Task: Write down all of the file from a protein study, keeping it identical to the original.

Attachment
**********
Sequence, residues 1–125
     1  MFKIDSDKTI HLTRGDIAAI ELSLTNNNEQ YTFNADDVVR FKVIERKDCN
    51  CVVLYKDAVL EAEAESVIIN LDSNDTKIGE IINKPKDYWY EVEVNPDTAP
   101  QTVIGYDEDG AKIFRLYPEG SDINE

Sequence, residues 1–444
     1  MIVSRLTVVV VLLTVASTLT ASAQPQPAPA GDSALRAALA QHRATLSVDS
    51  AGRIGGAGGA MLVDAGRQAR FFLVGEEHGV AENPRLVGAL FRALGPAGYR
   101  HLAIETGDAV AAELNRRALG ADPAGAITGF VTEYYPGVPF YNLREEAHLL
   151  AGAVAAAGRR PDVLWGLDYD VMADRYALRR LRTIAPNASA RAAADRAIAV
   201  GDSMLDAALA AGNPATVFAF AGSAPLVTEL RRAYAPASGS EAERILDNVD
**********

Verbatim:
Sequence, residues 1–125
     1  MFKIDSDKTI HLTRGDIAAI ELSLTNNNEQ YTFNADDVVR FKVIERKDCN
    51  CVVLYKDAVL EAEAESVIIN LDSNDTKIGE IINKPKDYWY EVEVNPDTAP
   101  QTVIGYDEDG AKIFRLYPEG SDINE

Sequence, residues 1–444
     1  MIVSRLTVVV VLLTVASTLT ASAQPQPAPA GDSALRAALA QHRATLSVDS
    51  AGRIGGAGGA MLVDAGRQAR FFLVGEEHGV AENPRLVGAL FRALGPAGYR
   101  HLAIETGDAV AAELNRRALG ADPAGAITGF VTEYYPGVPF YNLREEAHLL
   151  AGAVAAAGRR PDVLWGLDYD VMADRYALRR LRTIAPNASA RAAADRAIAV
   201  GDSMLDAALA AGNPATVFAF AGSAPLVTEL RRAYAPASGS EAERILDNVD